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It's been a dream for a decade: a single daily pill combining aspirin, cholesterol medicine and blood pressure drugs - everything people need to prevent heart attacks and strokes in a cheap, generic form. Skeptics said five medicines rolled into a single pill would mean five times more side effects. Some people would get drugs they don't need, while others would get too little. One-size-fits-all would turn out to fit very few, they warned. Now the first big test of the "polypill" has proved them wrong.
The experimental combo pill was as effective as nearly all of its components taken alone, with no greater side effects, a major study found. Taking it could cut a person's risk of heart disease and stroke roughly in half, the study concludes.
The approach needs far more testing - as well as approval from the Food and Drug Administration, something that could take years - but it could make heart disease prevention much more common and more effective, doctors say.
"Widely applied, this could have profound implications," said Dr. Robert Harrington, an American College of Cardiology spokesman and chief of Duke University's heart research institute. "President Obama is trying to offer the greatest care to the greatest number. This very much fits in with that."
The polypill also has big psychological advantages, said Dr. James Stein of the University of Wisconsin-Madison.
"If you take any medicines, you know that every pill you see in your hand makes you feel five years older. Patients really object to pill burden" and respond by skipping doses, he said.
No price for the polypill has been disclosed, but its generic components cost only a total of $17 a month now and doctors expect the combo would sell for far less.
The study was led by Dr. Salim Yusuf of McMaster University in Hamilton, Ontario, and Dr. Prem Pais of St. John's Medical College in Bangalore, India. The findings were presented Monday at the cardiology college's conference in Florida and published online by the British medical journal Lancet.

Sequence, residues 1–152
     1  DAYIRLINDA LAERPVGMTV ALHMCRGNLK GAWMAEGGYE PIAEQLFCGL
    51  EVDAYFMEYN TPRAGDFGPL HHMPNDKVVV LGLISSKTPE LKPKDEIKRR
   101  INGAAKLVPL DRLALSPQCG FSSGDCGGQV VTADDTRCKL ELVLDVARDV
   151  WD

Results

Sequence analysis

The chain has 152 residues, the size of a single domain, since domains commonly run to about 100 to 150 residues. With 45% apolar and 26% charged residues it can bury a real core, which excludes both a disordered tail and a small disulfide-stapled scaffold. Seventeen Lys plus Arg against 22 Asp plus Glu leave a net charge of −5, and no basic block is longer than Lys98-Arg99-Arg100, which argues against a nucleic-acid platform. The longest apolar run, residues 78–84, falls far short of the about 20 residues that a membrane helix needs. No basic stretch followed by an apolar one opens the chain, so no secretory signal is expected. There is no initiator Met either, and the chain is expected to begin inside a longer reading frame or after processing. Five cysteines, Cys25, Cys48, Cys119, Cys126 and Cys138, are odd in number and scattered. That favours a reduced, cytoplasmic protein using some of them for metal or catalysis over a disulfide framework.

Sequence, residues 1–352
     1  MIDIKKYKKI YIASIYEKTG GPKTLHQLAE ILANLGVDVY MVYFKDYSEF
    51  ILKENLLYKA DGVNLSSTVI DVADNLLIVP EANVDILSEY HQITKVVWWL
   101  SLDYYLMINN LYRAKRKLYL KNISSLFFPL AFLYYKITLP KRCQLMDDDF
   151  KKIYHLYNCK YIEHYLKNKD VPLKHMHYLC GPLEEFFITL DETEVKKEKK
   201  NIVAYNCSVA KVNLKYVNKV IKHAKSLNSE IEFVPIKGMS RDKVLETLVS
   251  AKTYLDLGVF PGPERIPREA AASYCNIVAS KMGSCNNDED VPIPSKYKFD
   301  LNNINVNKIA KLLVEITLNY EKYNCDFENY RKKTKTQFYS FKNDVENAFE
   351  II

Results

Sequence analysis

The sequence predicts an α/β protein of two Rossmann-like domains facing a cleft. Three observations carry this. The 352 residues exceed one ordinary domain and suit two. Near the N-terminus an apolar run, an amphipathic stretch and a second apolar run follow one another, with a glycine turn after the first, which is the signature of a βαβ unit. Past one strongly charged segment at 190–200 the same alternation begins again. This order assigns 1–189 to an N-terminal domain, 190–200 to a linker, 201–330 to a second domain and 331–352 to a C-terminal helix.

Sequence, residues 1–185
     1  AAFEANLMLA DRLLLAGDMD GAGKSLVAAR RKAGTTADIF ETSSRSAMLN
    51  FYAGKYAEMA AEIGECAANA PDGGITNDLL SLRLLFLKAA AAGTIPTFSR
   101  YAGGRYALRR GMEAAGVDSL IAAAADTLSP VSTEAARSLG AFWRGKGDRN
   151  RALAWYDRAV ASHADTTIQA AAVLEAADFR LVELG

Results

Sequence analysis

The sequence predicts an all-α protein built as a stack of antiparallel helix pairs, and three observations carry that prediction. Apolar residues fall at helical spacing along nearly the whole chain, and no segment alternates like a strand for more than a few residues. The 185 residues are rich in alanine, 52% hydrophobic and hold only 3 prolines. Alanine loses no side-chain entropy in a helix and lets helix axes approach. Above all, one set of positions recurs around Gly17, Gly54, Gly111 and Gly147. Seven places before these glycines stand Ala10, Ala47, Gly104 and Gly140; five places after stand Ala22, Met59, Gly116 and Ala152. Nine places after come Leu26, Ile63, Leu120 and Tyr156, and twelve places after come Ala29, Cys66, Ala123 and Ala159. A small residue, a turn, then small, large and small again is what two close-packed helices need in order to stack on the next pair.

The study tested the Polycap, an experimental combo formulated by Cadila Pharmaceuticals of Ahmedabad, India. It contains low doses of three blood pressure medicines (atenolol, ramipril and the "water pill" thiazide), plus the generic version of the cholesterol-lowering statin drug Zocor, and a baby aspirin (100 milligrams).
Doctors have talked about such a possibility for years. As the patents on many heart medicines expired and the drugs became available as cheap generics, a few companies started trying to develop all-in-one pills.
Formulating a single pill of five drugs that work in five different ways is a complex task - more complex than simply mixing the medicines. Pills have coatings and other ingredients that control the rate at which the medicine is released into the bloodstream. The polypill must be designed so that the five drugs work as intended.
The Polycap is the furthest along, and this is the largest study of one so far.
The study involved about 2,000 people at 50 centers across India, average age 54, with at least one risk factor for heart disease - high blood pressure, high cholesterol, obesity, diabetes or smoking.